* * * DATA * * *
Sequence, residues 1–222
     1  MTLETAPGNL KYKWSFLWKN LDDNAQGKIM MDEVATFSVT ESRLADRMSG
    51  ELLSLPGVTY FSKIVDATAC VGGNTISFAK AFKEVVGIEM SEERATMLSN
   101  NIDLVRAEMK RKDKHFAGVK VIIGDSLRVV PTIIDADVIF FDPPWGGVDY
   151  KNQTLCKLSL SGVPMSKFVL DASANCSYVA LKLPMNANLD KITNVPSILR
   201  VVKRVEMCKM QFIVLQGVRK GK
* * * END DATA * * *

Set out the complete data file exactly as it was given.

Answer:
Sequence, residues 1–222
     1  MTLETAPGNL KYKWSFLWKN LDDNAQGKIM MDEVATFSVT ESRLADRMSG
    51  ELLSLPGVTY FSKIVDATAC VGGNTISFAK AFKEVVGIEM SEERATMLSN
   101  NIDLVRAEMK RKDKHFAGVK VIIGDSLRVV PTIIDADVIF FDPPWGGVDY
   151  KNQTLCKLSL SGVPMSKFVL DASANCSYVA LKLPMNANLD KITNVPSILR
   201  VVKRVEMCKM QFIVLQGVRK GK